Friday, November 19, 2010

Tai-Pan by James Clavell

Rating: 4 Stars 

The time period of James Clavell’s fascinating ‘Tai-Pan’ is the middle of the nineteenth century, during Britain’s glory days when her champions swaggered across the globe extending the reach of the British Empire by brain and by brawn. Part edge-of-your seat action adventure, the book is also a delight to those who are still interested in the history of colonialism. China’s belligerent foreign policy today can be traced back to the spanking humiliation that this ancient culture endured at the hands of the West for close to a century.

Ah, Britain and China – one arrogantly flaunting it’s military might while flexing its economic muscle at the same time, the other fiercely insular and undaunted in its sense of superiority. One challenged in matters of hygiene, the other in matters of human rights. How will these two great nations ever see eye-to-eye, with each looking down its nose at the other?

While the book more than adequately lays the historical groundwork for the plot with its detailing of the acquisition of Hong Kong, the story in general is about the British China Traders, the ruthless merchant-pirates who ply the oceans monopolizing the exchange of opium, tea, silk and bullion between East and West. Using Bengal-grown opium as leverage against China, the traders build their empires while corrupting the soul of a nation. In an environment where foreknowledge equals money, staying ahead of the game means staying three steps ahead of everyone else. That would be Dirk Struan.

Struan is the larger than life force behind Hong Kong, the proprietor of The Noble House, and the most powerful of the China Traders. He is a man who can be defined only in contradictions, a British Imperialist and a global visionary, one who would exalt China even as he ravages her for monetary gain. He is a devious manipulator who bends friend and foe alike to his Machiavellian will. He’s not a nice man, but one who lives by his own inscrutable code of honor, harsh yet humane at the same time.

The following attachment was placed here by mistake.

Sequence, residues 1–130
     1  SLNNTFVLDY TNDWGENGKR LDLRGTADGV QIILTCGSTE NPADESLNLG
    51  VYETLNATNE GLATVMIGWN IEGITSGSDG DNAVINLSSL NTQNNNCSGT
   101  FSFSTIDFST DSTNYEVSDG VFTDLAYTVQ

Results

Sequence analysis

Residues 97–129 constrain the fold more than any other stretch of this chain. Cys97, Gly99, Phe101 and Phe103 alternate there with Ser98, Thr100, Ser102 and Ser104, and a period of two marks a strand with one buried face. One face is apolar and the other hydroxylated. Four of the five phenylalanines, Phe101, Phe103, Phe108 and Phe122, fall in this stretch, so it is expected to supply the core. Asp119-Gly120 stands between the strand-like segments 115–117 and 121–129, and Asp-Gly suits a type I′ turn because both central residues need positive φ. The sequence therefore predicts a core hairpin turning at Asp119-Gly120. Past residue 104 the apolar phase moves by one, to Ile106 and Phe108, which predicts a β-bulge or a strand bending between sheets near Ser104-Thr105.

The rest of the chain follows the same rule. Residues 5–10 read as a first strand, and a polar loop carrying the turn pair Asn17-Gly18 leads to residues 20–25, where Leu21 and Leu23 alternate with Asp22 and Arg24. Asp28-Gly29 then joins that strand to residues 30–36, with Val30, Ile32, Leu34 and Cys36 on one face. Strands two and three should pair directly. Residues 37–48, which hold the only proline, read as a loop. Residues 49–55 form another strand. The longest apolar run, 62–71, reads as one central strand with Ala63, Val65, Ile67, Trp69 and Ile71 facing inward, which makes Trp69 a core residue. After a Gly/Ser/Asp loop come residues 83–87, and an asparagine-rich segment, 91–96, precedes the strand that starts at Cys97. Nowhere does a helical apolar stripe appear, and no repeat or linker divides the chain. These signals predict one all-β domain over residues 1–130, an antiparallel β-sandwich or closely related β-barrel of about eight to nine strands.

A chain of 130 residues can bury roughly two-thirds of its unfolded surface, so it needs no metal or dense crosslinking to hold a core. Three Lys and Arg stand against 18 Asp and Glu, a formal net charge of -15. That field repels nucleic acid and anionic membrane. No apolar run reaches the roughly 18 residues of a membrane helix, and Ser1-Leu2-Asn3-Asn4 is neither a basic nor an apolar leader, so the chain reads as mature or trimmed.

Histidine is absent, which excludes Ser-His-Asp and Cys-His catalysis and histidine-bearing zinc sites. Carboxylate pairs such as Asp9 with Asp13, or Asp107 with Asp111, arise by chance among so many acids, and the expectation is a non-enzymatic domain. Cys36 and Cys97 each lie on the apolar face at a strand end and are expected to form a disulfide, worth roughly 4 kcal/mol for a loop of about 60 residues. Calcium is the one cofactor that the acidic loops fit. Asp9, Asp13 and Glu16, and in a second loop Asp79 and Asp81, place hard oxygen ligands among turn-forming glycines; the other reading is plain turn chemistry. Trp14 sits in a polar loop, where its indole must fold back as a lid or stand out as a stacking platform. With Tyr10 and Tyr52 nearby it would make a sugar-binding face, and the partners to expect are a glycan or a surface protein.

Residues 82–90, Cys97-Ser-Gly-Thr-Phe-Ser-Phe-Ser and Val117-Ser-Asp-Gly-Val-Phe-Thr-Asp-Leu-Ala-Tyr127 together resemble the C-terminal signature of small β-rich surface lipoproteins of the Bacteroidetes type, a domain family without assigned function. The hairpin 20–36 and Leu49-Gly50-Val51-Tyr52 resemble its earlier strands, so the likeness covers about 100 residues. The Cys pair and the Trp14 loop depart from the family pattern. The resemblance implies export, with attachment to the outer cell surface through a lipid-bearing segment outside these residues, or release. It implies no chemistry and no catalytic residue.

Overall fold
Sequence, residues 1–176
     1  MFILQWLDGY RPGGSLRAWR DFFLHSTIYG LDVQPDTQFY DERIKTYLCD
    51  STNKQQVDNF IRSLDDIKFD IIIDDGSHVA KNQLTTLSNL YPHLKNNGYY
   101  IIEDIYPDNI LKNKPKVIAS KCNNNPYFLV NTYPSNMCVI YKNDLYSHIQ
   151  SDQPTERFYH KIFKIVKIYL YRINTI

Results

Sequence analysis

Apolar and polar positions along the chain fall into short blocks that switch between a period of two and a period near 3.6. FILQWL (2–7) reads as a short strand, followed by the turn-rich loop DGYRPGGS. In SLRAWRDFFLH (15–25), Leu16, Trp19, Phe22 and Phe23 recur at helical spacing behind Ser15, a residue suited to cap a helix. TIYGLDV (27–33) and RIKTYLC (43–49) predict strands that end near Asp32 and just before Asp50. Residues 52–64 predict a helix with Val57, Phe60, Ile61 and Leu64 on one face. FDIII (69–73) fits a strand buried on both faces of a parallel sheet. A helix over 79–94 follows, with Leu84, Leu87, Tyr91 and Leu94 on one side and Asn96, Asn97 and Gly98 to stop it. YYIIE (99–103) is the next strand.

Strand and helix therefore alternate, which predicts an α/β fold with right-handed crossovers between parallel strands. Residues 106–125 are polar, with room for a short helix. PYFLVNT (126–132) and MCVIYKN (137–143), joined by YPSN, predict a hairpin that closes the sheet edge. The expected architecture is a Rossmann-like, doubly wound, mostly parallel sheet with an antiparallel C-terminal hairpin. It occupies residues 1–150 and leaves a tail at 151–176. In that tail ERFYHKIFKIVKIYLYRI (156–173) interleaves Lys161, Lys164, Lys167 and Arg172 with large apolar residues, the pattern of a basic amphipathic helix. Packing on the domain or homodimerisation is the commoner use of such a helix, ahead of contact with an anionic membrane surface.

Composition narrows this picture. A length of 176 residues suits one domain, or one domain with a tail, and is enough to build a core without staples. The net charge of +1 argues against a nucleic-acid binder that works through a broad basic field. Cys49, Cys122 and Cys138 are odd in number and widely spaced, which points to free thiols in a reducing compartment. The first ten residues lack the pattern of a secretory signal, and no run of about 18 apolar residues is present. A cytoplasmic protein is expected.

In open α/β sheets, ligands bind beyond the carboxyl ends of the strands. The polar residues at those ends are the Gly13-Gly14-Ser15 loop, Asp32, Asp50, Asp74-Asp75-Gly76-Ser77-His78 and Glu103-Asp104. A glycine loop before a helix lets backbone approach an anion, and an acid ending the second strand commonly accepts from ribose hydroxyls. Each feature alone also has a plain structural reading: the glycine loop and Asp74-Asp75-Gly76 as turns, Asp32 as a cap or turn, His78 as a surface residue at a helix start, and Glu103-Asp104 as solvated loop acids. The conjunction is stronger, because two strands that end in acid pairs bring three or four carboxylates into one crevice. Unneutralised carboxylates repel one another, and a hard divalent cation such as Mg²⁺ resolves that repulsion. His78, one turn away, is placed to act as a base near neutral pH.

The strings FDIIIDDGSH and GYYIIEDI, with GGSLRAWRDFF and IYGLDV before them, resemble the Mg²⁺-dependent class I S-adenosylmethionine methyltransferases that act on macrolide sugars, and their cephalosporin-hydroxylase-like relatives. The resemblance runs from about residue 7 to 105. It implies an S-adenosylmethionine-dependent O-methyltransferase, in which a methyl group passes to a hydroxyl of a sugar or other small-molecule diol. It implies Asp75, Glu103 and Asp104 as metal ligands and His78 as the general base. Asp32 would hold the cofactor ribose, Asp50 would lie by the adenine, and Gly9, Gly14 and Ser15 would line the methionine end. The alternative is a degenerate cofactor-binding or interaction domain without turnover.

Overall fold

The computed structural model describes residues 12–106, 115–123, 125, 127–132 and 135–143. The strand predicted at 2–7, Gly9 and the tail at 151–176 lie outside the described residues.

Struan’s implacable enemy is Tyler Brock, his business rival with whom he is on first name terms.  Even as each seeks to annihilate the other, they will nevertheless stand shoulder to shoulder defending their mutual interests, and fighting off their common threats. This is a man’s milieu, each one jostling to be the alpha male - the Tai-Pan. But never fear, there are also some wily yet vulnerable women in this book. Chief among them is May May, Dirk Struan’s devious yet endearingly childlike mistress of indomitable spirit.

‘Tai-Pan’ is an adrenaline-laced thrill ride. Its odd blend of Scottish brogue and Pidgin English may be a little distracting, but its triumphs more than make up for its minor shortcomings. It’s an entertainer fueled by intelligence. That is a potent and irresistible combination.

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